But it is killing him… The soldiers lead him out of the city gate, and, laboriously, slipping and sliding, with crunching blows from spear butts to motivate him, they drive him up the small cone of Skull Hill, where death sentences are carried out. They tie him onto the cross and plant it upright. It’s the empire’s punishment for rebellious slaves, slow and nasty by design, devised to be a spectacle… On a cross you choke to death, when you’re finally too tired to heave your own weight up to take the next breath… And [Jesus] hangs there. He twists against the ropes to snatch the precious air…
The pain fills him up, displaces thought, as much for him as it has for everyone else who has ever been stuck to one of these horrible contrivances, or for anyone else who dies in pain from any of the world’s grim arsenal of possibilities. And yet he goes on taking in. It is not what he does, it is what he is. He is all open door: to sorrow, suffering, guilt, despair, horror, everything that cannot be escaped, and he does not even try to escape it, he turns to meet it, and claims it all as his own. This is mine now, he is saying; and he embraces it with all that is left in him, each dark act, each dripping memory, as if it were something precious… but there is so much of it. So many injured children; so many locked rooms; so much lonely anger; so many bombs in public places; so much vicious zeal; so many bored teenagers at roadblocks; so many drunk girls at parties someone thought they could have a little fun with; so many jokes that went too far; so much ruining greed… It burns and stings, it splinters and gouges, it locks him round and drags him down.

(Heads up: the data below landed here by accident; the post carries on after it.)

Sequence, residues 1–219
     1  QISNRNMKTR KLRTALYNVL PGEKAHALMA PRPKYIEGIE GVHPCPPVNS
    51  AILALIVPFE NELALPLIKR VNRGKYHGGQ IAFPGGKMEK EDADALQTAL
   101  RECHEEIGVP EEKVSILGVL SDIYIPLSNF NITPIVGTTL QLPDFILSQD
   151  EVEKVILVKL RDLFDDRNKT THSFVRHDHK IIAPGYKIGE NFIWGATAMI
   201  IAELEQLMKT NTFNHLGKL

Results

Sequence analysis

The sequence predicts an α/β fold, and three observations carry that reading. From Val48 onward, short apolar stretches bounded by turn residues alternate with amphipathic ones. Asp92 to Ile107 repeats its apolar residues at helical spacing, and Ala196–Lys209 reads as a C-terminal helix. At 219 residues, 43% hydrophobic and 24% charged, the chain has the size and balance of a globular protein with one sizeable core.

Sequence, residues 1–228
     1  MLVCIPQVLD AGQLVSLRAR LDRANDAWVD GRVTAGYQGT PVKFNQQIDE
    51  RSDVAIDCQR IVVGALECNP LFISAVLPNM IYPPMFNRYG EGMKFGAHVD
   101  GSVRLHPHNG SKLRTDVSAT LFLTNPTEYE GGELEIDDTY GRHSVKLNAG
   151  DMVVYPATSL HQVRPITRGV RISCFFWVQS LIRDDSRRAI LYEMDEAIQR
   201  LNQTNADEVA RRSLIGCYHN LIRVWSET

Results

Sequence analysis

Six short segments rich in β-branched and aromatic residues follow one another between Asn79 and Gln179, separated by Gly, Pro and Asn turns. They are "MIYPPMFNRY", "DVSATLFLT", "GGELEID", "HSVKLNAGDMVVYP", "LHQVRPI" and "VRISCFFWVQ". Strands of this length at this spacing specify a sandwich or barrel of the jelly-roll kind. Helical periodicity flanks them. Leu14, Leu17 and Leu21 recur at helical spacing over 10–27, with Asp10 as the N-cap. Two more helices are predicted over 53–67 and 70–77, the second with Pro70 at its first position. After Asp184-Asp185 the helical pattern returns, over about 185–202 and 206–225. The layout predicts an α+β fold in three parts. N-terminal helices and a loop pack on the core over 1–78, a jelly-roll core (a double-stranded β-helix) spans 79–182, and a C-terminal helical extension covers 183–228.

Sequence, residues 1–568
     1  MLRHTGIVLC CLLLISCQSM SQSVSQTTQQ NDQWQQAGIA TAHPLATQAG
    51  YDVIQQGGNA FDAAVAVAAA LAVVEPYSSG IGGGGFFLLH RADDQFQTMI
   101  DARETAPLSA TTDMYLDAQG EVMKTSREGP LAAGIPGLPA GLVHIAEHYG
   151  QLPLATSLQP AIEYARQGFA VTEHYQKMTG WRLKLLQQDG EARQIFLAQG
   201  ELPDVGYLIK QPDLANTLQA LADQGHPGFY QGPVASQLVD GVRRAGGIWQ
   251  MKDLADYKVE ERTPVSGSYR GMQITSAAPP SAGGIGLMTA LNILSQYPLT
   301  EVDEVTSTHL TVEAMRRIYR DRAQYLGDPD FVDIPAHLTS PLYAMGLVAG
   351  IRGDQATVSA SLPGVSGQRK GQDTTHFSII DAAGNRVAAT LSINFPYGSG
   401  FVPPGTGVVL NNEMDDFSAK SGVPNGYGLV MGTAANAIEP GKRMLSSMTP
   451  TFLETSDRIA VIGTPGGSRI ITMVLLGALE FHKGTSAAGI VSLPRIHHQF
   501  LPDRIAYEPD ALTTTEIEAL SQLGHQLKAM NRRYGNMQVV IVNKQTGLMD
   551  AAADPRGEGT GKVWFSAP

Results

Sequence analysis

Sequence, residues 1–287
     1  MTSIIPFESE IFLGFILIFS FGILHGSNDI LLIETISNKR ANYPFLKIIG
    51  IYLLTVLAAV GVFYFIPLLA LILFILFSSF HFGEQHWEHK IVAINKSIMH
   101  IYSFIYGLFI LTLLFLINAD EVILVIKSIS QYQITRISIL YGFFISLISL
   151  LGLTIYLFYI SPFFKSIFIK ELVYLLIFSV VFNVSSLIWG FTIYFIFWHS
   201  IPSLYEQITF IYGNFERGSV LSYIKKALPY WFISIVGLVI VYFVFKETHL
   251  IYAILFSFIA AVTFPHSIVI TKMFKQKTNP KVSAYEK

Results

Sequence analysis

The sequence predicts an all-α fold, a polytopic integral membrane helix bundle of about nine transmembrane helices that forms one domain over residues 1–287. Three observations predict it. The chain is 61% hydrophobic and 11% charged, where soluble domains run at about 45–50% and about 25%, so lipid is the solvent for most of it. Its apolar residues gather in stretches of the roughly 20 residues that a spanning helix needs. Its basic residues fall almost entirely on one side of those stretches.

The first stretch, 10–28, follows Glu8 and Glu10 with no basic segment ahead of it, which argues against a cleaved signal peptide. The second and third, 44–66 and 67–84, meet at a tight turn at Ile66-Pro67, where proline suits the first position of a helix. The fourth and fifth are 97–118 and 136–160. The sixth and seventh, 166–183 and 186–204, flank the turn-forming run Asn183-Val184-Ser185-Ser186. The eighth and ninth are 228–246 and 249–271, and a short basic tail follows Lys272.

Because this is not a rich man’s offer of something he can easily spare. This is not some supernatural [person] being temporarily inconvenienced. This is love going where we go, all of us, when we end” –Francis Spufford, Unapolgetic, p. 140-144.